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Community Commentary: Knowing your genetic risk can save your life

March 05, 2011|By Dr. Jane Bening

An Ashkenazi Jewish woman in her 50s, Rachel, is diagnosed with breast cancer. Her mother, Sadie, age 80, has a history of melanoma, which was treated successfully. Sadie's younger sister, Zelda, died of breast cancer in her early 40s many years ago. Zelda had two daughters who live far away, with whom they have lost contact. Rachel's father and his family have no history of cancer.

An astute clinician recommends genetic counseling for Rachel and Sadie to estimate their risk of carrying the hereditary ovarian and breast cancer gene mutations for BRCA1 and BRCA2. While Sadie has no interest in being tested, Rachel is found to have the harmful BRCA2 gene change. She informs her immediate family, her parents and her two brothers, of this finding. Her brothers, who have daughters in their 20s, are entirely disinterested, having no knowledge of the ramifications of this information and no personal history of cancer.

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Rachel finds her long-lost cousins, Zelda's daughters, who are in their 40s with no history of cancer. She urges them to get genetic counseling, as there is a high probability that their mother had a BRCA gene mutation.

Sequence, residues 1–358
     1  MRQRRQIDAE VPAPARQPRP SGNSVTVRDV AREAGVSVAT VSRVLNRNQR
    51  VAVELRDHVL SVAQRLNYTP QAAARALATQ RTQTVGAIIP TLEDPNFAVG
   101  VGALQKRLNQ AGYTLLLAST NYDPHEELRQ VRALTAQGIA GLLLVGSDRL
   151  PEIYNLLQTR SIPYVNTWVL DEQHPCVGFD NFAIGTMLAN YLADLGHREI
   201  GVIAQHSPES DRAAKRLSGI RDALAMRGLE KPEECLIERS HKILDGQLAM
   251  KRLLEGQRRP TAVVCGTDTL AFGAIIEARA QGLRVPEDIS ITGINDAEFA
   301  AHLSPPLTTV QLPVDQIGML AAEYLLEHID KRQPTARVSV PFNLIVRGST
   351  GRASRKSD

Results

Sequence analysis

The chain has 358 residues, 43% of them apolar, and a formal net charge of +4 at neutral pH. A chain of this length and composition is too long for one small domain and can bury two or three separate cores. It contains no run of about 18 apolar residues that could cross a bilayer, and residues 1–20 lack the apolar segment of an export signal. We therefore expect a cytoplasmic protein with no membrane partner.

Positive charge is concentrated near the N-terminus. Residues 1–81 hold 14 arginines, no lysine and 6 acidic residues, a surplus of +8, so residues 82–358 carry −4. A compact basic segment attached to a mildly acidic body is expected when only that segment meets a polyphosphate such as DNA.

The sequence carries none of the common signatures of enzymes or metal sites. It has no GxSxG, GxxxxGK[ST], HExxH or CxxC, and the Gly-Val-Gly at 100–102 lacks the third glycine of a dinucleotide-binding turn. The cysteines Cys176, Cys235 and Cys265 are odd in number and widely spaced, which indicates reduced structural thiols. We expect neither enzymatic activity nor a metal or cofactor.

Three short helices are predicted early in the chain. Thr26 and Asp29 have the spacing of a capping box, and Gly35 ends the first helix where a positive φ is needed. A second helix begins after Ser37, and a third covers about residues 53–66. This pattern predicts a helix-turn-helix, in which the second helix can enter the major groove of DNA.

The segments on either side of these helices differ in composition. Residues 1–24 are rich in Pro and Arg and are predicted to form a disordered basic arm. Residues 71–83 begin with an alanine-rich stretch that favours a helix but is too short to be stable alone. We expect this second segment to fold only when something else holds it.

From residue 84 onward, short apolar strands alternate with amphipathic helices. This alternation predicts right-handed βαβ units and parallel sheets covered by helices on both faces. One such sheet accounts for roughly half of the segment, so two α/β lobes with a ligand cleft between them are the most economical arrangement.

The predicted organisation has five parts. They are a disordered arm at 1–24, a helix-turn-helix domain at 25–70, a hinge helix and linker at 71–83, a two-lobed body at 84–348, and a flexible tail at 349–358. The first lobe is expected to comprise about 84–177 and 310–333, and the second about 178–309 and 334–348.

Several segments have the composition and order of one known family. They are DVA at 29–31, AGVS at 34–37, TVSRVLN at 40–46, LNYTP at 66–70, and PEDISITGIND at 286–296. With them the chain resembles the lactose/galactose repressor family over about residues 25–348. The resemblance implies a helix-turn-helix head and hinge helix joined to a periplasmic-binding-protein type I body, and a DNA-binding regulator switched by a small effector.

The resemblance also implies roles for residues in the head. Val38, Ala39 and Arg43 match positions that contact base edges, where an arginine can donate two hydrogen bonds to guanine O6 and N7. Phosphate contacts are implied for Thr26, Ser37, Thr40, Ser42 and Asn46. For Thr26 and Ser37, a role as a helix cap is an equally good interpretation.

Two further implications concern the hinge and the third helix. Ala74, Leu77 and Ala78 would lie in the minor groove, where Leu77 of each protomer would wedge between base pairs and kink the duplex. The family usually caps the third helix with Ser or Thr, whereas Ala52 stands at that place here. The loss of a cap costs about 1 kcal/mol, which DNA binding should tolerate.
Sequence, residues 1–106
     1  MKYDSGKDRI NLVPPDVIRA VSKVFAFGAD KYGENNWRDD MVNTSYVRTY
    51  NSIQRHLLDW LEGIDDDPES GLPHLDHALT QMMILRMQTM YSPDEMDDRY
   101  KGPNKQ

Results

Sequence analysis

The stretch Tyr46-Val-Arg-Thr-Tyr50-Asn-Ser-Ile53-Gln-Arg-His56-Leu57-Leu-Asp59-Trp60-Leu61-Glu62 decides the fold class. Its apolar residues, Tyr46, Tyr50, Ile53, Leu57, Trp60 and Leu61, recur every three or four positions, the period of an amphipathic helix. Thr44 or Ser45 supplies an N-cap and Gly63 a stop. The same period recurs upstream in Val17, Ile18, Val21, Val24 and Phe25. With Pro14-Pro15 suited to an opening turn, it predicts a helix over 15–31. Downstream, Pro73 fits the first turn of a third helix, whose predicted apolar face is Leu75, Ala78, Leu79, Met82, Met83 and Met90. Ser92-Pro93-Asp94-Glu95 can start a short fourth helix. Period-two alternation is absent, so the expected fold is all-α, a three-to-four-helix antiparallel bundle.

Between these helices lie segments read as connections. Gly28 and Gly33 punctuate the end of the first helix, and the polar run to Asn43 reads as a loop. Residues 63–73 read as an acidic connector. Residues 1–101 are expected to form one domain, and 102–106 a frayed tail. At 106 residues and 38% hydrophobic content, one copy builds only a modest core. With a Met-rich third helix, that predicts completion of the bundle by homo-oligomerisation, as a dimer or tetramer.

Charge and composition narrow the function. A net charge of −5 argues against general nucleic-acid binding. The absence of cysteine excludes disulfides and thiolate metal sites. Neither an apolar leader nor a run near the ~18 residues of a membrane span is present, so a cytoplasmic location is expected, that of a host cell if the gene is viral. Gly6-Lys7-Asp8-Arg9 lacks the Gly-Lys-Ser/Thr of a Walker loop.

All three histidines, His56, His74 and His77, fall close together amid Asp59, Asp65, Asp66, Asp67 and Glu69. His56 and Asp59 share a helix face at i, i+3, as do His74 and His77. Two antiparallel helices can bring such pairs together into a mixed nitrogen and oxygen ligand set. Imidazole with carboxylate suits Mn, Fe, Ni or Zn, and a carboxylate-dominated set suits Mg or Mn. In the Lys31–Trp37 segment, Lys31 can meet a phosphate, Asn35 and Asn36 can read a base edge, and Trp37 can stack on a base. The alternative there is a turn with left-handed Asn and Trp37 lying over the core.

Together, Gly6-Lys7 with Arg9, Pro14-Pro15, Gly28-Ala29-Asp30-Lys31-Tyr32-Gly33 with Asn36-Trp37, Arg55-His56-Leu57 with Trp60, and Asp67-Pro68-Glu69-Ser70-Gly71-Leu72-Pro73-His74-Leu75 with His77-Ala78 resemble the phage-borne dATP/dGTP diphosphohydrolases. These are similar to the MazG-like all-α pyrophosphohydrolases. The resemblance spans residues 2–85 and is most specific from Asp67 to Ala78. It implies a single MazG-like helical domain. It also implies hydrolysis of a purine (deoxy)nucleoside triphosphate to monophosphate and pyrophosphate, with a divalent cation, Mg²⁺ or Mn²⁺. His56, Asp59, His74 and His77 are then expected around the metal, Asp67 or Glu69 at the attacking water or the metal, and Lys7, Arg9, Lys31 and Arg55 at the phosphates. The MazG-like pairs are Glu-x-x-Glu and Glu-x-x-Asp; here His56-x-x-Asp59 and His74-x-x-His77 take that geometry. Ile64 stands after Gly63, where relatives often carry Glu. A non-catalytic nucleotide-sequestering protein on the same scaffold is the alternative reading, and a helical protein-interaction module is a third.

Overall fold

After soul searching and multiple medical and psychological consultations, Rachel undergoes double mastectomies, a hysterectomy and removal of both tubes and ovaries.

While recovering from surgery and starting chemotherapy for her breast cancer, she summons the strength to explain to her brother's daughters, her nieces, their risk of carrying a BRCA gene mutation. Meanwhile her cousins, Zelda's daughters, have happily reentered her life, grateful for the family genetic information. One cousin is positive for the BRCA gene mutation as well, and opts for the same prophylactic surgery as Rachel.

Eventually, with pressure from a doctor friend and Rachel's nieces, her brothers undergo genetic counseling and gene testing. One is positive for the BRCA2 gene mutation and one is negative. This is consistent with the 50% chance that any child can inherit a BRCA gene mutation from a parent who carries it.

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